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Proroguing, Spending Review and NHS Expo

Proroguing, Spending Review and NHS Expo

9th September 2019

Good afternoon,

The last few weeks of parliament before summer recess ended with resignations and a new health cabinet. Secretary of State for Health and Social care, Matt Hancock kept his position and is joined by new colleagues, Chris Skidmore as Minister of Health, Jo Churchill as Parliamentary Under Secretary of State for Prevention, Public Health and Primary Care and Nadine Dorries as Parliamentary Under Secretary of State for Mental Health, Suicide Prevention and Patient Safety. Caroline Dinenage and Baroness Blackwood retained their positions.

Regarding money matters, Chancellor Sajid Javid delivered the Spending Review last week, setting out departmental budgets for the financial year 2020-2021. In health, these announcements included: £1.5bn for social care next year on top of the existing £2.5bn of social care grants; £250 million fund for a National Artificial Intelligence Lab to develop cutting-edge treatments for cancer, dementia & heart disease and; commitments of £6.2bn increase in spending for the NHS next year.

Responding to the Spending Review, Chief Executive of NHS Improvement, Simon Stevens speaking at the Health and Innovation Expo last week said, “Today we have got a more realistic settlement for education and training budgets this year, but that is a down payment. We’ve got a HEE budget that will match NHS budget. That will need to be on a multi-year basis, it’s a first instalment rather than end of the line.”

It is unclear how the funding will be distributed in coming years as the details are limited to a one year review. It is also unclear if the money pledged will be taken from other health budget pots. After last year’s Autumn budget, the APHG heard from Paul Johnson, Director of the Institute for Fiscal Studies (IFS) to analyse Government funding plans for the National Health Service. 

In other headlines over the summer break, Sir Andrew Dillon, Chief Executive of NICE announced his plans step down at the end of March 2020. The APHG would like to thank Sir Andrew for his kind contributions to the APHG's workstream and for his tremendous efforts and contributions to healthcare.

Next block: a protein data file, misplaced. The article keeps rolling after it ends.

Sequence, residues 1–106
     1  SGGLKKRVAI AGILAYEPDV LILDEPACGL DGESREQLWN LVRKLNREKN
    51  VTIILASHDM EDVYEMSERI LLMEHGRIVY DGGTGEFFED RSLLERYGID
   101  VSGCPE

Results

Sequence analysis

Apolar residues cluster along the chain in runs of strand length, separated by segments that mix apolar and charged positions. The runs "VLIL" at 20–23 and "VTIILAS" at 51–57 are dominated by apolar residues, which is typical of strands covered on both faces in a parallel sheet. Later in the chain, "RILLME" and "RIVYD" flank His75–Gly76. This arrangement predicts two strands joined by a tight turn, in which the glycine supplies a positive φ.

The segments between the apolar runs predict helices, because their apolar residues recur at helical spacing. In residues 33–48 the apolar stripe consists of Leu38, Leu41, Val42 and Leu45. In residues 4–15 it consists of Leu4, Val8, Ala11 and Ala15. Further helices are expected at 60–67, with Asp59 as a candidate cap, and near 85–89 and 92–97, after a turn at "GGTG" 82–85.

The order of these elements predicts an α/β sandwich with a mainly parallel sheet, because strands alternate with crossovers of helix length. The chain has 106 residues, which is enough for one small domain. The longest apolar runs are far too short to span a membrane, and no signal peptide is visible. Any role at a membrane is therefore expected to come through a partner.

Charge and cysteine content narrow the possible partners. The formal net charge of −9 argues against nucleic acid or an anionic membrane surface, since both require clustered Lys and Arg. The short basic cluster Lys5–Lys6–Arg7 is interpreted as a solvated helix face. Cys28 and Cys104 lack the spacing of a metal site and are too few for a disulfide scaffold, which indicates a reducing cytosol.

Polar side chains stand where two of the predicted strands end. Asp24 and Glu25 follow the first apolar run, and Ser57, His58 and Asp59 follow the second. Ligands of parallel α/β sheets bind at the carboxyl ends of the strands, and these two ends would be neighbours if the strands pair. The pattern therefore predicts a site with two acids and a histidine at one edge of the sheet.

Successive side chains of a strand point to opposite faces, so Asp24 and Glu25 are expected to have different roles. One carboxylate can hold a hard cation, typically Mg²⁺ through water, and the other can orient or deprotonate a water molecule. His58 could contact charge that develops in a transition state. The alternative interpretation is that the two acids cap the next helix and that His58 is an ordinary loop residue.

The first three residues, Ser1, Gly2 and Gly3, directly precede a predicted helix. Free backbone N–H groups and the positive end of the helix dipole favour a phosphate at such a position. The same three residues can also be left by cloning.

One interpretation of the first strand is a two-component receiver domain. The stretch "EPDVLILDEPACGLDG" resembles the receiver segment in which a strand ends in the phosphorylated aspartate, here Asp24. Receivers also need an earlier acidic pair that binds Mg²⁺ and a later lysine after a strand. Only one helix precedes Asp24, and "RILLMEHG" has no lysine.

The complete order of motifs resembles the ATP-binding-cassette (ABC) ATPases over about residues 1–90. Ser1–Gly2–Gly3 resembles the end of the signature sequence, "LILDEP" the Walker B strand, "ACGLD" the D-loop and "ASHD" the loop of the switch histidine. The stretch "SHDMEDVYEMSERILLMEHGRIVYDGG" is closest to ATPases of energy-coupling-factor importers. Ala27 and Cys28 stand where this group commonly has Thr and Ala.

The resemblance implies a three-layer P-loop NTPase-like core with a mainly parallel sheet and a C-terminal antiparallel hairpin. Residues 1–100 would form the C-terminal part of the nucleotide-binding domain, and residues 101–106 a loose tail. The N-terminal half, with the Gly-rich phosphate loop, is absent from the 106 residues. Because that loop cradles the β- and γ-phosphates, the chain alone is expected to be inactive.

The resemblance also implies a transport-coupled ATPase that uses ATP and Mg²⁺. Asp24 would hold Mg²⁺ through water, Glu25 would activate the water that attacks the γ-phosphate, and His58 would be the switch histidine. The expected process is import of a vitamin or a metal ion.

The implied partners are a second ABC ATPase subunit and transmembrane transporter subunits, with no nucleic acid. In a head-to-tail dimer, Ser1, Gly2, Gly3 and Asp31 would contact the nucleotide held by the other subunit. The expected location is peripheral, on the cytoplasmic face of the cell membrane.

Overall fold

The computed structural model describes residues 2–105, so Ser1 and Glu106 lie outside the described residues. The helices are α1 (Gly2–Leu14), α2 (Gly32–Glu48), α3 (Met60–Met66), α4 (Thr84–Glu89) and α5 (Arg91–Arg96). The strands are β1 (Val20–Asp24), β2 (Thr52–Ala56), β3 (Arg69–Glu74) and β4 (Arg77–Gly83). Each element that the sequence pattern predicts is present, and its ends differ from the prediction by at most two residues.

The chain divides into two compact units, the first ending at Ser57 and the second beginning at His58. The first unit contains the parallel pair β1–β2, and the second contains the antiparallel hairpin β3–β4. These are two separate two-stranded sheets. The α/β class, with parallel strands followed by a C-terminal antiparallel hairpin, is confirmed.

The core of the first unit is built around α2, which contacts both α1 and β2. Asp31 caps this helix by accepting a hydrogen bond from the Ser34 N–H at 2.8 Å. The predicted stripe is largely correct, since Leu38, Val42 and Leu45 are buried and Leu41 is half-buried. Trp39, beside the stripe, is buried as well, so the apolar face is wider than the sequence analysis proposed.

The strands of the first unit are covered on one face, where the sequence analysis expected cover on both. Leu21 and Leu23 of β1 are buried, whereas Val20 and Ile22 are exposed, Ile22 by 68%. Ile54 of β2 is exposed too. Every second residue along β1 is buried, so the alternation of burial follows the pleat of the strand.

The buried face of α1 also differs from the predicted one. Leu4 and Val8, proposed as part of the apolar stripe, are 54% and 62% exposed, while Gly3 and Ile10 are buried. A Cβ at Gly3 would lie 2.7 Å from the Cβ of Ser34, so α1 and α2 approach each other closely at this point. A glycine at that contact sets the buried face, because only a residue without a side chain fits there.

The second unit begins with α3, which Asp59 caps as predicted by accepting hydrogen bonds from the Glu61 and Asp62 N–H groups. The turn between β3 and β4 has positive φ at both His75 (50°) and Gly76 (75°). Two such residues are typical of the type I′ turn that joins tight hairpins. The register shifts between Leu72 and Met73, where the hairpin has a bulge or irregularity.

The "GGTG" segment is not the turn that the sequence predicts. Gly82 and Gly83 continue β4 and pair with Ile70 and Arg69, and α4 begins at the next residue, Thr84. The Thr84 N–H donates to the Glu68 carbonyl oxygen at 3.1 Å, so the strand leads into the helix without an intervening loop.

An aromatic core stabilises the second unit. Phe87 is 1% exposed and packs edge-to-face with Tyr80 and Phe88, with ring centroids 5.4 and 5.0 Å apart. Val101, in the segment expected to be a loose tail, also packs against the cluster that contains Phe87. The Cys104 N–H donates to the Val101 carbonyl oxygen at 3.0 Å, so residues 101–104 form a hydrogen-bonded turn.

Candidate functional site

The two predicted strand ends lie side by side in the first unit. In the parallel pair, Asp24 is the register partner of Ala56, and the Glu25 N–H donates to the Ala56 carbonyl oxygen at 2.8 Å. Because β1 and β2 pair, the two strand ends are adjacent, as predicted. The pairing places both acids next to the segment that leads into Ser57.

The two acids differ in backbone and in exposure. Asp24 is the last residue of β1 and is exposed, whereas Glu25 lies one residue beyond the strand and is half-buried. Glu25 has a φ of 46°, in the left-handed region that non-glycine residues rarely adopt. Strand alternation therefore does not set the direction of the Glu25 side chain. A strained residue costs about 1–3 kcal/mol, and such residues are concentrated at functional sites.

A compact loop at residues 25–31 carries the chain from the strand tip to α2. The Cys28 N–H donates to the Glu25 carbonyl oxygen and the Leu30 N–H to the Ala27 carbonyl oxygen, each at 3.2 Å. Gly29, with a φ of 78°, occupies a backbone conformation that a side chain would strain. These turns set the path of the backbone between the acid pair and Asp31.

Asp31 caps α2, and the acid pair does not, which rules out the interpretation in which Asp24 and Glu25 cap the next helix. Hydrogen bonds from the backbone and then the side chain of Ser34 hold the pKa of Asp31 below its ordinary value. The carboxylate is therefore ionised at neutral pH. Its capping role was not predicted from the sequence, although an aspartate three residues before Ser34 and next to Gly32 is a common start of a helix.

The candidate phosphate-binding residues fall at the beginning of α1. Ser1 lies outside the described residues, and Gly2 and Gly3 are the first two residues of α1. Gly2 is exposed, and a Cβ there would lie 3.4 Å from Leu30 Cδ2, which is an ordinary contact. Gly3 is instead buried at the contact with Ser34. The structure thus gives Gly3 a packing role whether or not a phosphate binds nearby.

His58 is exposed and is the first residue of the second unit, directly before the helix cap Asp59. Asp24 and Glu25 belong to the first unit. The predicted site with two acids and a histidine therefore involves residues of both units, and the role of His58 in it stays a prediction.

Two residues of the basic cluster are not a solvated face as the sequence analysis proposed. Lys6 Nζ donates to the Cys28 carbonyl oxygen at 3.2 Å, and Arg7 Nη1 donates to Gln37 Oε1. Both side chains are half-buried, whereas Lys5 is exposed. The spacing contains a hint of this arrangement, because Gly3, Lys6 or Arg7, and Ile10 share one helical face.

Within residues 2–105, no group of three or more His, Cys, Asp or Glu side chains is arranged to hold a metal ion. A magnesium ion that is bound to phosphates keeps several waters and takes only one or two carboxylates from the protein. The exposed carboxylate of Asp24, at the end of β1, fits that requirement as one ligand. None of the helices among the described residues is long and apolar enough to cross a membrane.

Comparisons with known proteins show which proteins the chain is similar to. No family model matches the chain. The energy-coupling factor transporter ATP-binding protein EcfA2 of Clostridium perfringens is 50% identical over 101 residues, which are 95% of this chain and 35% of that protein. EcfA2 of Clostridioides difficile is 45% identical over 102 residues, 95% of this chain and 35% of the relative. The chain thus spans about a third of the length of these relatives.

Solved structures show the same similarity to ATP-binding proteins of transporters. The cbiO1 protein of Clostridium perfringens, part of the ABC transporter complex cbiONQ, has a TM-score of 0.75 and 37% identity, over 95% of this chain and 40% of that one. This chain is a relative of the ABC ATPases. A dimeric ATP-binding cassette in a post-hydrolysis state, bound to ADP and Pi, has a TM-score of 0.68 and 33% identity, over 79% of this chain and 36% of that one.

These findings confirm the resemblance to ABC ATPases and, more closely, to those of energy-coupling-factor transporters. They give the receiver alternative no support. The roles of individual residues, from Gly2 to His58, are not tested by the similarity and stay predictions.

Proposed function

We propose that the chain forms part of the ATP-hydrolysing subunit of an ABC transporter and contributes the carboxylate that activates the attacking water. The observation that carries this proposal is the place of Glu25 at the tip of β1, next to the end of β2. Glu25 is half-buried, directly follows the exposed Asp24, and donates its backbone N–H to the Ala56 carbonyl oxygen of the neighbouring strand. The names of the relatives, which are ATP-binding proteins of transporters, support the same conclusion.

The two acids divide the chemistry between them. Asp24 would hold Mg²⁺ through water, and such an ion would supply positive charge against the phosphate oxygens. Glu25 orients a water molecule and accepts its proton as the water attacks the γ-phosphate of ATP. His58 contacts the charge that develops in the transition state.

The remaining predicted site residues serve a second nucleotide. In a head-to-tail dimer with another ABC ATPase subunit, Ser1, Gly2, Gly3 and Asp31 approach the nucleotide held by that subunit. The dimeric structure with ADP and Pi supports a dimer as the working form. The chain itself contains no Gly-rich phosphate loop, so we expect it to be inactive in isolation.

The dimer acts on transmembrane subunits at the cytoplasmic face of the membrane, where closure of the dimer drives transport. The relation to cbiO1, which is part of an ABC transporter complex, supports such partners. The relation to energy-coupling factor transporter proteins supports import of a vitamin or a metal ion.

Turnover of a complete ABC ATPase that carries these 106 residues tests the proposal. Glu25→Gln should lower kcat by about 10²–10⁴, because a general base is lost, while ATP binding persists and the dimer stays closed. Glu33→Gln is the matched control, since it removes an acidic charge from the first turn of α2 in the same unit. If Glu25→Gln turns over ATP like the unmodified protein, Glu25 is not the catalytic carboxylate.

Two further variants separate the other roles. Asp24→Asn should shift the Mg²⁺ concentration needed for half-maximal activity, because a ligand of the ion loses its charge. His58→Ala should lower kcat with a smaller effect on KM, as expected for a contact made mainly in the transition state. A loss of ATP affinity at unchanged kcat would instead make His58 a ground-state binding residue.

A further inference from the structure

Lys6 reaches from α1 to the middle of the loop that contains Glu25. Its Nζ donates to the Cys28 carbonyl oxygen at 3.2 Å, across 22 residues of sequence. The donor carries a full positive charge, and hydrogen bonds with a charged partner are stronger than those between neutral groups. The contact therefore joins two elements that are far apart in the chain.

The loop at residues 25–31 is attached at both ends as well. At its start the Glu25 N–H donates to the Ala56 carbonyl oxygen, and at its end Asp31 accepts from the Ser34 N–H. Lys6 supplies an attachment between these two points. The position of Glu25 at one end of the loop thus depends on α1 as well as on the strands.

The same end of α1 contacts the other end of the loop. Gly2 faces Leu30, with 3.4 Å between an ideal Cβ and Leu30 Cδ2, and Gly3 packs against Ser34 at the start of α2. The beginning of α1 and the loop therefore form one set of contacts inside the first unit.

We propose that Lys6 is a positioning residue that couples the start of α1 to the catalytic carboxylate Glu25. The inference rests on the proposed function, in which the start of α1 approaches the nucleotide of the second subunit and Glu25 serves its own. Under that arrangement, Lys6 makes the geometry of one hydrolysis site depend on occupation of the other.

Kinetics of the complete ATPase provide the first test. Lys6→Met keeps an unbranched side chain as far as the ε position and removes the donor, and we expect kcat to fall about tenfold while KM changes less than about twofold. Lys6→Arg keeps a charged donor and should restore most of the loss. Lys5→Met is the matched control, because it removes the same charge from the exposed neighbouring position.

The Accelerated Access Collaborative have said that they will work with NHSX to set up an NHS AI Lab. The focus will be on evaluating and scaling proven technologies that improve care or free up staff time, maintaining the highest standards of data security and privacy.

The Health Foundation are working with Marmot review to explore why health inequalities are widening in England which the APHG is keen to learn more about after the Prevention roundtable we held in June.August saw to the 4 hour A&E waiting time rise by up to 35%, with experts citing that the winter pressures facing the NHS didn’t ease over the summer. Climate change has been taking the national by storm with Simon Stevens discussing it as a topical headline during NHS Expo last week. He said that “the climate emergency is a health emergency.’’ The NHS also declared a national emergency over shortage in IV tube feed supplies. The Department of Health and Social Care  launched new vaccines strategy following news that UK has lost its measles free strategy WHO has confirmed the UK has lost its ‘measles free’ status. Measles is one of the most infectious diseases at present and lots of research is underway to battle the rise in cases.

And finally, no news is complete without a mention of Brexit. The Royal College of Physicians have sent an open letter to the Prime Minister, signed by 16 other leading health organisations, calling for the NHS and wider health and care system to be at the heart of Brexit negotiations. In a similar yet albeit stronger manner, The King's Fund, the Health Foundation and Nuffield Trust, write to government setting out the four biggest concerns facing healthcare in light of a No-Deal Brexit. These include (1) A risk of intensifying the staffing crisis (2) Shortages and price rises for vital supplies (3) The need to care for returning emigrants (4) Funding shortfalls at a time when health and care need it most.

Health Project Coordiantor - Marjan Jamal